Luxury & Inferior Goods
Veblen & Giffen Goods
Veblen Goods are types of luxury goods in which the Willingness To Pay (WTP) of Customers increases as the Price increases. Giffen Goods are also goods in which demand will increase with Price, but Giffen Goods are inferior goods and the mechanism causing the increasing WTP is quite different.
Both Veblen and Giffen Goods contradict the Law of Demand as they result in upward-sloping demand curves (the law of demand requires that Quantity sold decreases when Price increases). Furthermore, Mainstream Economics defines WTP as the maximum Price a Customer would pay, and generally requires Price and WTP to be decoupled variables independent of one another.
The Veblen Effect is named after the American economist Thorstein Veblen who first identified conspicuous consumption. It falls within a class of Interaction Effects. These Interaction Effects exist on the periphery of Mainstream Economics as demand for a Product depends upon various interactions with other Customers. For example, a good may become more valuable if other Customers buy it (Network Effects) or a good may become more valuable if other Customers do not buy it (Snob Effect).
As Mr. Giffen has pointed out, a rise in the price of bread makes so large a drain on the resources of the poorer labouring families and raises the marginal utility of money to them so much that they are forced to curtail their consumption of meat and the more expensive farinaceous foods: and, bread being still the cheapest food which they can get and will take, they consume more, and not less of it.
The supplier for Sprockets enjoys a Monopoly over the Market. But unusually, Customer Willingness To Pay (WTP) for Sprockets increases in proportion to the square of the Price (normally WTP is independent of Price). The supplier of Sprockets wishes to identify the Revenue Maximizing Price as well as the Profit Maximizing Price, but cannot as both Revenue and Profit continues to rise as Price rises.
In this Market, Sprockets are Priced around $1.00 and hence considerably cheaper than in other Markets. This is because the initial WTP Customer Distribution is also a Unit Distribution with Mean = 0.0 and Standard Deviation (SD) = 1.0. The Mean WTP then increases as Price increases.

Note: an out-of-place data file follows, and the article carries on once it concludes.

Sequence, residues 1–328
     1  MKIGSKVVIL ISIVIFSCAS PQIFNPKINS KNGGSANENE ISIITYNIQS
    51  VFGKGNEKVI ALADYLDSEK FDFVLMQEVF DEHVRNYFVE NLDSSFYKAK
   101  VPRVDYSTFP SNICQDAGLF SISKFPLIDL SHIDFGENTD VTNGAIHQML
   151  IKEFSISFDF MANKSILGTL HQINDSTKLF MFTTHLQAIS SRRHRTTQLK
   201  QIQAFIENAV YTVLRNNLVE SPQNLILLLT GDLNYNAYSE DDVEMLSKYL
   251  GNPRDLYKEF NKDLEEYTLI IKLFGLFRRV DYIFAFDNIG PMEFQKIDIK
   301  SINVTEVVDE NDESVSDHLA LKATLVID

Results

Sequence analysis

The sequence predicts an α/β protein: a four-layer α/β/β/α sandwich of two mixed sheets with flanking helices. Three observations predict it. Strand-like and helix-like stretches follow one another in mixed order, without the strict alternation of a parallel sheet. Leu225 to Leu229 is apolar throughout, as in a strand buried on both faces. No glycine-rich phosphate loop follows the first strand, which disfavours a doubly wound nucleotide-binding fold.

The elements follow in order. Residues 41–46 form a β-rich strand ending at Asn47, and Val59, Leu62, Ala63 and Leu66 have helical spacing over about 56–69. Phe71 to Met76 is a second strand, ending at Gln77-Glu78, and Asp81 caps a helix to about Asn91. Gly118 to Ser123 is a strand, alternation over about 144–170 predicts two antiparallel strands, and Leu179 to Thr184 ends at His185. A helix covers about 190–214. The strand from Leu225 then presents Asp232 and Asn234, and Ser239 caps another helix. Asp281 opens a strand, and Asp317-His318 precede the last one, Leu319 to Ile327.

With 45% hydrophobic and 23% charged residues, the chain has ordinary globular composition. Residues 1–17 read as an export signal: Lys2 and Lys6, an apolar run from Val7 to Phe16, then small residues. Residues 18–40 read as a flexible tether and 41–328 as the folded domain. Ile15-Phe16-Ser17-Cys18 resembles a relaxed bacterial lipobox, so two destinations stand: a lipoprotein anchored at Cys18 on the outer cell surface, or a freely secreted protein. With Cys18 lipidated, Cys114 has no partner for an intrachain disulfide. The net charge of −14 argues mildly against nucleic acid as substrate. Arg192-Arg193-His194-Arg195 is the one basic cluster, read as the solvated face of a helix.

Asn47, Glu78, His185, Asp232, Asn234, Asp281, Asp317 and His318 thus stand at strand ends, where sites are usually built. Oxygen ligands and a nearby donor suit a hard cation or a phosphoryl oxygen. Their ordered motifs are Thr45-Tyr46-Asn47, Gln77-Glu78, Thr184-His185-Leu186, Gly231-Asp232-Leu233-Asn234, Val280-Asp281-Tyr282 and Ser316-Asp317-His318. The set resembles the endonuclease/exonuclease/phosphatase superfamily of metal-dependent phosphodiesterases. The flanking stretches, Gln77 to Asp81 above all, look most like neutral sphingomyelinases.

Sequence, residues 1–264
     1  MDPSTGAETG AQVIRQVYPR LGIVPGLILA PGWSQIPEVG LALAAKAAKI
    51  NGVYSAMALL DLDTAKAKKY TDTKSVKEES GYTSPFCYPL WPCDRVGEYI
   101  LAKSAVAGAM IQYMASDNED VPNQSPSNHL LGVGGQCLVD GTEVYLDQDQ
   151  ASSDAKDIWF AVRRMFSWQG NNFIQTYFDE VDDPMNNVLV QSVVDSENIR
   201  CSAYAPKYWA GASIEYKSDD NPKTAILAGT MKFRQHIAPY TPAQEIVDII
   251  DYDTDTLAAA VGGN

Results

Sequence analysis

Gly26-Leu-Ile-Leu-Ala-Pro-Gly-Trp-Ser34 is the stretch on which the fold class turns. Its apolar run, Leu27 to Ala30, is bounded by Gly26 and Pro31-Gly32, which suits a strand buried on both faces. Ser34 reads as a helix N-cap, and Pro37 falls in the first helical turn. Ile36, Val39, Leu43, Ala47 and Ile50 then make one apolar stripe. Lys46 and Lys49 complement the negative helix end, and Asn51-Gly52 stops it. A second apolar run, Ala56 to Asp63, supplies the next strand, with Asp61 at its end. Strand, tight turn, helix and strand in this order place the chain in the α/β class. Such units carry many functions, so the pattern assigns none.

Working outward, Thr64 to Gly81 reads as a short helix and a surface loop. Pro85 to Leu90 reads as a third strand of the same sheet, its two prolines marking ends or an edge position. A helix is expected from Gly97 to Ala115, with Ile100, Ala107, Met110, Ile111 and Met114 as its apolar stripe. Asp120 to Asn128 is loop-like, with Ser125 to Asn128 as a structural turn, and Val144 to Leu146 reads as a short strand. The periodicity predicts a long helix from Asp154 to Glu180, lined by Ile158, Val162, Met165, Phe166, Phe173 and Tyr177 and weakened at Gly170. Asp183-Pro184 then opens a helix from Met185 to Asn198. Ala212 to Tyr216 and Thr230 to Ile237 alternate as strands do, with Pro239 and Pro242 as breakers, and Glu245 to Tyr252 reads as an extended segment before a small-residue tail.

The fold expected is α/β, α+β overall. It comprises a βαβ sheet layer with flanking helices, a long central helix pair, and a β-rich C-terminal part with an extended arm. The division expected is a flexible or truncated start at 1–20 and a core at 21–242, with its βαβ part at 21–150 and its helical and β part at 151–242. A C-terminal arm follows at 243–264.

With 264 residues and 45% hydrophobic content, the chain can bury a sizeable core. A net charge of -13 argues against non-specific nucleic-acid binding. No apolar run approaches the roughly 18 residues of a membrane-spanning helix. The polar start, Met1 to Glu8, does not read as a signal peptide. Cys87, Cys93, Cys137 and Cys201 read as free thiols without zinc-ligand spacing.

The Customer Distributions node generates an ascending list of 61 Experimental Prices for Sprockets from $1.00 to $2.20. These Prices are used to calculate the Mean WTP of Customers. A fixed Static Cost of $0.50 is also added to the Product description.
The WTP Customer Distribution for the Market is re-generated 61 times in a loop – each loop iteration taking a different Price and Mean WTP. Within each loop iteration the Simulate Market node then calculates the Quantity sold, Revenue, and Profit for the given Experimental Price and Mean WTP. The results are kept by the Loop End node for further downstream analysis.
Upward Demand Curve
All the results from each Experimental Price and Updated WTP loop iteration is collected and prepared for plotting.
Initially Quantity falls as Price increases as the Law of Demand would predict. But this is because WTP is initially not increasing as fast as Price. But soon WTP, being proportional to the square of the Price, will overtake and increase faster than Price. At this point, these Giffen / Veblen Goods defy the Law of Demand and exhibit upward-sloping Demand Curves.